And, for those wondering why people think Mosley is good when they're so certain he's awful. The reason is simple: Those people probably understand football better than you do.

Wilson airs it out

Zach Wilson's return was noteworthy enough to warrant more than just a self-indulgent and tortured Night of the Living Dead analogy that nobody is going to read anyway because you're all still pissed about the loss. But we do have a couple of interesting nuggets on Wilson, who had just his second 300-yard game ever and his second multiple-touchdown pass game of the season.

First of all, let's look at this deep completion to Jeff Smith:

Thrown from the 10, caught at the 32. That's an impressive 58 yards through the air. And such throws may be rarer than you think.

Wilson himself has just two completions that went 50 or more yards through the air in his career, both of which were in last season's week four win over the Titans (the throw on the run to Keelan Cole and the touchdown to Corey Davis).

These haven't exactly been commonplace over the years in Jets history either - well, not since the days of Joe Namath and Ken O'Brien. For example, Mike Vick completed a long touchdown to TJ Graham against the Steelers in 2014 which was apparently the first completion that went 50+ yards through the air by a Jets quarterback since Mark Sanchez in 2010.

You'd think this would have escalated in recent years when the Jets had one of the best deep threats in the league, but looking back at all Robbie (then Robby) Anderson's longest plays, he had touchdowns of 69 yards from Josh McCown and 76, 92 and 41 yards from Sam Darnold, all of which went just under 50 yards through the air. He did, however, catch a 54-yarder from McCown that went over 50 yards through the air.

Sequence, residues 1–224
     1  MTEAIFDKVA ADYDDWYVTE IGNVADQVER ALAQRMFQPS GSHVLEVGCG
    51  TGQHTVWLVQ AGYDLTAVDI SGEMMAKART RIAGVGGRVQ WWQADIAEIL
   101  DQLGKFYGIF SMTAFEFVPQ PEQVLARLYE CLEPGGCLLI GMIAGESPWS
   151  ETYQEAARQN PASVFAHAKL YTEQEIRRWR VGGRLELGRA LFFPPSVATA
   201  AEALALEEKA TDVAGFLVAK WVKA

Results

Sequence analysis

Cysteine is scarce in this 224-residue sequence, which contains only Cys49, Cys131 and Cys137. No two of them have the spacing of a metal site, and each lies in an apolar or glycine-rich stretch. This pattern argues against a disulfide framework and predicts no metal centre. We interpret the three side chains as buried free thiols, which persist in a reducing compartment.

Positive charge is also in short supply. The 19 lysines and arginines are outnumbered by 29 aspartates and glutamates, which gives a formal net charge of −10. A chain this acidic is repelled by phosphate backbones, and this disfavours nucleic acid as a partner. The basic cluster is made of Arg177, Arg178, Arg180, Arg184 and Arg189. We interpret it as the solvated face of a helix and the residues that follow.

You'd think that a guy like Patrick Mahomes would have loads of these but that's not necessarily the case. The only decent ranking list we could find in this category was from 2018 and makes for surprising reading. Only five quarterbacks completed more than three passes that went 50+ yards in the air, including the league leader with six: Mitchell Trubisky of all people. The other four, with five each, are not who you'd expect either: Russell Wilson, Case Keenum, Kirk Cousins and Deshaun Watson.

The final, and perhaps most interesting factoid in this category is that Drew Brees didn't have one in his entire career.

Our second nugget also involves throwing downfield. More accurately, it's all about long passing plays, which don't necessarily have to be on downfield throws, but in this particular case, they were.

Wilson had completions of 50, 40, 33 and 33 yards. That's four 30+ yard pass plays in one game. How rare is that?

Wilson himself had seven of these in his other seven starts this year, with no more than two in any game. Last season, though, he only had five. Moreover, he only had two in his last 11 starts, including a streak of five games without one that was only broken when Keelan Cole broke free for a 40-yard touchdown in the final game.

Interestingly, Mike White also achieved four in a game this season, (although two of these were 31 yarders, so we could have cheekily removed him from contention by using a more arbitrary parameter). Joe Flacco had just two in his three starts though.

White had seven 30+ yard plays in his three starts this year, but none in his four starts last year which perhaps underlines how Wilson's improved success in this area is down to the Jets' receiving talent more than himself. Undeniably, though, 11 such plays in eight 2022 starts is a rare sign of progress from Wilson, after having only five in 13 starts last season.

You can't say we don't dig deep to find these nuggets...

We'll have some more in-depth analysis for you throughout the rest of today and over the next few days, so keep checking back here early and often.